Article Abstract

Differences in molecular epidemiology of lung cancer among ethnicities (Asian vs. Caucasian)

Authors: Motohiro Izumi, Tomohiro Suzumura, Koichi Ogawa, Yoshiya Matsumoto, Kenji Sawa, Naoki Yoshimoto, Yoko Tani, Tetsuya Watanabe, Hiroyasu Kaneda, Shigeki Mitsuoka, Kazuhisa Asai, Tomoya Kawaguchi

Abstract

Background: Differences in carcinogenesis and therapeutic efficacy according to ethnicity have been reported for lung cancer, and understanding differences in genetic mutation profiles among ethnicities is important for interpreting the results of clinical trials, preventing carcinogenesis, and individualizing treatment. However, no studies have focused on differences in mutation profiles among different ethnicities using large-scale genomic analysis data with detailed information on smoking history, the main cause of lung cancer.
Methods: To clarify the differences in genetic mutation profiles between Caucasian and Japanese subjects, we compared data from The Cancer Genome Atlas, which mainly included Caucasians, with results from the Japan Molecular Epidemiology for lung cancer study, which is an epidemiological study only involving Japanese subjects. We divided the participants into four groups according to smoking status and performed comparative analysis by tissue type (lung adenocarcinoma and squamous cell lung cancer).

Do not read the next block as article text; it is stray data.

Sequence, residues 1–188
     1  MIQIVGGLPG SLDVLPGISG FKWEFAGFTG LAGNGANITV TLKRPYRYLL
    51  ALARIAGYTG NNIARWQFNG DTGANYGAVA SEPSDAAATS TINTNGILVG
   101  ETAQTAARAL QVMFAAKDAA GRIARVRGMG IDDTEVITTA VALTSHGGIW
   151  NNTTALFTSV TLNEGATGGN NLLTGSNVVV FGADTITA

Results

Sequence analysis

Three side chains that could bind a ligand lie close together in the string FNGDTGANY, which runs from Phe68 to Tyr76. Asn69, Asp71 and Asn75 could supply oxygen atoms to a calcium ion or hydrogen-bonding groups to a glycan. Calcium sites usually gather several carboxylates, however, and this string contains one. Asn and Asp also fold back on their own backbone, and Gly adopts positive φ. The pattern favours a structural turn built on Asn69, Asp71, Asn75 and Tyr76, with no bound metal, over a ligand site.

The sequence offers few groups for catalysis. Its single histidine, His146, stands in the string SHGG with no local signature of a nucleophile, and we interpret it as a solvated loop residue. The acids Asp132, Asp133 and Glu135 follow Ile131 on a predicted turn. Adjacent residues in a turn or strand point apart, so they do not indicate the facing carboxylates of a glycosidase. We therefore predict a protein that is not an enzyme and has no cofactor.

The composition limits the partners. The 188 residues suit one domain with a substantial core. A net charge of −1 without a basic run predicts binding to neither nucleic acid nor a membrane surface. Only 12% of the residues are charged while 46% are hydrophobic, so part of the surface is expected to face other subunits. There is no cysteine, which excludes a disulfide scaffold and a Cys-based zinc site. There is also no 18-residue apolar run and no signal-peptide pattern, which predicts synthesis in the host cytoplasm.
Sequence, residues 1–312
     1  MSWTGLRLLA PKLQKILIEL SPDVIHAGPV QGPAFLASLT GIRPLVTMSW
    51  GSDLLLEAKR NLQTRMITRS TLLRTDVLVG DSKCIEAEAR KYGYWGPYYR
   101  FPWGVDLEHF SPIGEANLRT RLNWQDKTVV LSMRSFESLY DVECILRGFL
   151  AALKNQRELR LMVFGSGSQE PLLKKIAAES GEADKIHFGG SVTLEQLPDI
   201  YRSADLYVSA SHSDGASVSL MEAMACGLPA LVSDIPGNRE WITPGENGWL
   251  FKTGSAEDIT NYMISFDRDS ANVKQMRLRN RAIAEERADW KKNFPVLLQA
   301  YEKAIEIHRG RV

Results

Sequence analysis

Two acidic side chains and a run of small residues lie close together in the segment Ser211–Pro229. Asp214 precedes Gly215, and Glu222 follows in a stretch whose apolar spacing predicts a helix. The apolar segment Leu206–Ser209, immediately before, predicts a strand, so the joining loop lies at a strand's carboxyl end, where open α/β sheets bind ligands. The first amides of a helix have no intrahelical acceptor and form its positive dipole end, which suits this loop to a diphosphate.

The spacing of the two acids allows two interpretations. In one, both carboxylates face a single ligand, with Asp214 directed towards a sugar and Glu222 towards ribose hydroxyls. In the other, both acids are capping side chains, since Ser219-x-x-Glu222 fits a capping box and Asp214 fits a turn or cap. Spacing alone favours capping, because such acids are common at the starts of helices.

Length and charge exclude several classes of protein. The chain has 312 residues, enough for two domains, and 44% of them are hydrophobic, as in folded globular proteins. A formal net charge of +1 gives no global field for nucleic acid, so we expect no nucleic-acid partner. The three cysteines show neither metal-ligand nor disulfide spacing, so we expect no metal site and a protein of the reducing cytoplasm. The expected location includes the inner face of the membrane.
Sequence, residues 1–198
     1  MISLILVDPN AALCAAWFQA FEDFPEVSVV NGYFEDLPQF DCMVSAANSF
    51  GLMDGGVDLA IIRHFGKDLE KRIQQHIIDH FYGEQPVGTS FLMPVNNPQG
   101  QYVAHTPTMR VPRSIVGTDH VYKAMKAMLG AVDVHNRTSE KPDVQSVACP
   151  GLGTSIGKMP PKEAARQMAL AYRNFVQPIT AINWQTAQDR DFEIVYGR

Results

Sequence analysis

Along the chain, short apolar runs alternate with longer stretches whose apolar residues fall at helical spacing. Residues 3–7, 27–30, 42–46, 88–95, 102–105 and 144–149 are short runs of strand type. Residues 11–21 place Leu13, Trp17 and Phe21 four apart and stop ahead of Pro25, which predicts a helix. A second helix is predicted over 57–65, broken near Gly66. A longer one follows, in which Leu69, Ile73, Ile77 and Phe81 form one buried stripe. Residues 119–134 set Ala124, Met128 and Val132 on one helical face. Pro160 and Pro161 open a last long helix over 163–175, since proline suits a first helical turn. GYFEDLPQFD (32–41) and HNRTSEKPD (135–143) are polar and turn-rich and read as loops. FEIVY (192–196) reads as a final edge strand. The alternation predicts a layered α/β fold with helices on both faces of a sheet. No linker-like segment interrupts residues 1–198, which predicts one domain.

Results: In patients with lung adenocarcinoma, the frequency of EGFR mutations was lower in Caucasian subjects than in Japanese subjects (14.6% vs. 51.1%), whereas the frequencies of mutations in other genes, namely KRAS (32.9% vs. 9.3%), TP53 (45.2% vs. 20.7%), BRAF (9.6% vs. 1.3%), PIK3CA (5.9% vs. 2.6%), KEAP1 (17.8% vs. 0.5%), NF1 (10.9% vs. 0.5%), STK11 (17.8% vs. 0.7%), RBM10 (8.7% vs. 0.1%), and MET (7.8% vs. 0.1%), were higher in Caucasian subjects. Among patients with squamous cell carcinoma, TP53 (81.2% vs. 49.1%), PIK3CA (14.5% vs. 6.8%), KEAP1 (12.7% vs. 0.9%), and NFE2L2 mutations (15.8% vs. 13.6%) were more common in Caucasian subjects.
Conclusions: Ethnicity is an important and complex characteristic that must be recognized and considered, even in the era of precision medicine. We should collaborate to share data for different ethnicities and incorporate them into clinical practice and the design of global clinical studies. Carefully designed molecular epidemiological studies focusing on ethnic differences are warranted.

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